Graph Database Overview

IBM System G Graph Databases has several versions:
(1) Native Store
(2) GBase on top of Hadoop HBase and HDFS



Introduction of Graph Database

A graph database is a database that uses graph structures with vertices, edges, and properties to represent and store data. A graph database is any storage system that provides index-free adjacency. This means that every element contains a direct pointer to its adjacent elements and no index lookups are necessary. General graph databases that can store any graph are distinct from specialized graph databases such as triplestores and network databases.

Compared with relational databases, graph databases are often faster for associative data sets, and map more directly to the structure of object-oriented applications. They can scale more naturally to large data sets as they do not typically require expensive join operations. As they depend less on a rigid schema, they are more suitable to manage ad hoc and changing data with evolving schemas. Conversely, relational databases are typically faster at performing the same operation on large numbers of data elements. Graph database is a powerful tool for graph-like queries, for example, computing the shortest path between two vertices in the graph. Other graph-like queries can be performed over a graph database in a natural way (for example, graph's diameter computations or community detection).

Trends of search interest on Graph Database and Relational Database, realitme from Google (Google Trend normalizes Y-axis to the highest value in a chart to 100%):
Comparison of relative amounts of searches on Relational Database and Graph Database:



Graph Database Terminologies

Terminology Explanation
Graph A graph is a representation of a set of objects where some pairs of objects are connected by links. The interconnected objects are represented by mathematical abstractions called vertices, and the links that connect some pairs of vertices are called edges.
Database Database management systems (DBMSs) are specially designed software applications that interact with the user, other applications, and the database itself to capture and analyze data. A general-purpose DBMS is a software system designed to allow the definition, creation, querying, update, and administration of databases.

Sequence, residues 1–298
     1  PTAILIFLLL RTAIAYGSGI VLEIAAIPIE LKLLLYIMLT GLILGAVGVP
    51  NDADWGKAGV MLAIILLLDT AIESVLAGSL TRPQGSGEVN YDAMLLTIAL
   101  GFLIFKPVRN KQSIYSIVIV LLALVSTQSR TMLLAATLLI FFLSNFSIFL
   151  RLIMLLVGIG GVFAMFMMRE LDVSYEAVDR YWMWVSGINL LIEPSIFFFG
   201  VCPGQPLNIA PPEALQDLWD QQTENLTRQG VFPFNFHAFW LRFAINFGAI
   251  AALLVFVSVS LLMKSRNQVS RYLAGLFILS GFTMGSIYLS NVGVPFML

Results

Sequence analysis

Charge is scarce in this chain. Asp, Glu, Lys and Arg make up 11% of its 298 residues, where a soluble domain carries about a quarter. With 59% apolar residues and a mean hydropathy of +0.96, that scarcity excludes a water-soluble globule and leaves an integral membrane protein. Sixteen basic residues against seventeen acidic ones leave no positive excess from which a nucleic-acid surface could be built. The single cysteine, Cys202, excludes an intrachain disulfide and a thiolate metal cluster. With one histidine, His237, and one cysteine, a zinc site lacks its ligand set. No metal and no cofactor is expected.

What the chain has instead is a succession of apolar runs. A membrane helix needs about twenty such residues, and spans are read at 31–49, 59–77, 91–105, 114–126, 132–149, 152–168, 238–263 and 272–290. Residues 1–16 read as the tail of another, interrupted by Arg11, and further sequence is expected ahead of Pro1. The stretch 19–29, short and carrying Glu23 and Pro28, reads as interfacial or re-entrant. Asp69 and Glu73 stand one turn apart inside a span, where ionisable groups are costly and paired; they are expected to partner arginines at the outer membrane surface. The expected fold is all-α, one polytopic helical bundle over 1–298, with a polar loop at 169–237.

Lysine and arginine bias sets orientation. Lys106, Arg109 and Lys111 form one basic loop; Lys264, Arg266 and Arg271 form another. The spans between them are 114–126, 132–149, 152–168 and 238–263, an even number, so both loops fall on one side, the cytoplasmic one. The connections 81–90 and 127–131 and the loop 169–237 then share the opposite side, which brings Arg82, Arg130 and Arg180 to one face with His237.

Graph database
A graph database is a database that uses graph structures with nodes, edges, and properties to represent and store data, which provides index-free adjacency. This means that every element contains a direct pointer to its adjacent elements and no index lookups are necessary.
Generic Graph database
A general graph databases that can store any graph are distinct from specialized graph databases such as triplestores and network databases. Compared with relational databases, it is often faster for associative data sets, and map more directly to the structure of object-oriented applications. They can scale more naturally to large data sets as they do not typically require expensive join operations.
Property Graph
Graphs take many forms but the most ubiquitous is the Property Graph which has the following additional characteristics to a simple graph: 1) Nodes have a unique identifier. 2) Nodes have key-value pair properties. 3) Relationships have a unique identifier. 4)Relationships have a type. For instance, Tom likes Cindy or Jack IS_THE_BOSS_OF Bob. 5) Relationships are directed i.e. they have an orientation. For example, if Tom follows Jack on Twitter, the relationship would be defined as pointing from Tom to Jack. 6)Relationships have key-value properties.
Triplestore
A triplestore is a purpose-built database for the storage and retrieval of triples, a triple being a data entity composed of subject-predicate-object, like "Bob is 35" or "Bob knows Fred". Much like a relational database, one stores information in a triplestore and retrieves it via a query language. Unlike a relational database, a triplestore is optimized for the storage and retrieval of triples.
RDF
The Resource Description Framework (RDF) is a family of World Wide Web Consortium (W3C) specifications [1] originally designed as a metadata data model. It has come to be used as a general method for conceptual description or modeling of information that is implemented in web resources, using a variety of syntax notations and data serialization formats. It is also used in knowledge management applications. RDF data is often persisted in relational database or native representations also called Triplestores, or Quad stores if context (i.e. the named graph) is also persisted for each RDF triple.
RDFS
RDF Schema (Resource Description Framework Schema) is a set of classes with certain properties using the RDF extensible knowledge representation language, providing basic elements for the description of ontologies, otherwise called RDF vocabularies, intended to structure RDF resources. These resources can be saved in a triplestore to reach them with the query language SPARQL.
SPARQL
SPARQL is an RDF query language, that is, a query language for databases, able to retrieve and manipulate data stored in Resource Description Framework format, made a standard by the RDF Data Access Working Group (DAWG) of the World Wide Web Consortium, and is recognized as one of the key technologies of the semantic web.
Tinkerpop/Blueprints
Blueprints is a collection of interfaces, implementations, and test suites for the property graph data model. Blueprints is analogous to the JDBC, but for graph databases.